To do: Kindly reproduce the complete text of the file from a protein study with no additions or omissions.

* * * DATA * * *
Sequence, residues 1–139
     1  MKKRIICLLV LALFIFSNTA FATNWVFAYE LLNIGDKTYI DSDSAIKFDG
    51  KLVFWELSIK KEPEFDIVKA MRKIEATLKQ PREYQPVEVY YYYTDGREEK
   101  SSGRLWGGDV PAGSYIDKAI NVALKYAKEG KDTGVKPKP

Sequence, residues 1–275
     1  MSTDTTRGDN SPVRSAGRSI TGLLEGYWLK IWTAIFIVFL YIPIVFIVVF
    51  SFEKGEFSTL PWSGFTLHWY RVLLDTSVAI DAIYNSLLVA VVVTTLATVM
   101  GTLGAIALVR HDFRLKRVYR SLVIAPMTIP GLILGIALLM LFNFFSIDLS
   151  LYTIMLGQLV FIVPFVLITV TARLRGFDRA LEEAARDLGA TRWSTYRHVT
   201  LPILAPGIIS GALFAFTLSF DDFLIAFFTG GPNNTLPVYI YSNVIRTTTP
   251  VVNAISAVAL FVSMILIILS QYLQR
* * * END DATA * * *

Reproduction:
Sequence, residues 1–139
     1  MKKRIICLLV LALFIFSNTA FATNWVFAYE LLNIGDKTYI DSDSAIKFDG
    51  KLVFWELSIK KEPEFDIVKA MRKIEATLKQ PREYQPVEVY YYYTDGREEK
   101  SSGRLWGGDV PAGSYIDKAI NVALKYAKEG KDTGVKPKP

Sequence, residues 1–275
     1  MSTDTTRGDN SPVRSAGRSI TGLLEGYWLK IWTAIFIVFL YIPIVFIVVF
    51  SFEKGEFSTL PWSGFTLHWY RVLLDTSVAI DAIYNSLLVA VVVTTLATVM
   101  GTLGAIALVR HDFRLKRVYR SLVIAPMTIP GLILGIALLM LFNFFSIDLS
   151  LYTIMLGQLV FIVPFVLITV TARLRGFDRA LEEAARDLGA TRWSTYRHVT
   201  LPILAPGIIS GALFAFTLSF DDFLIAFFTG GPNNTLPVYI YSNVIRTTTP
   251  VVNAISAVAL FVSMILIILS QYLQR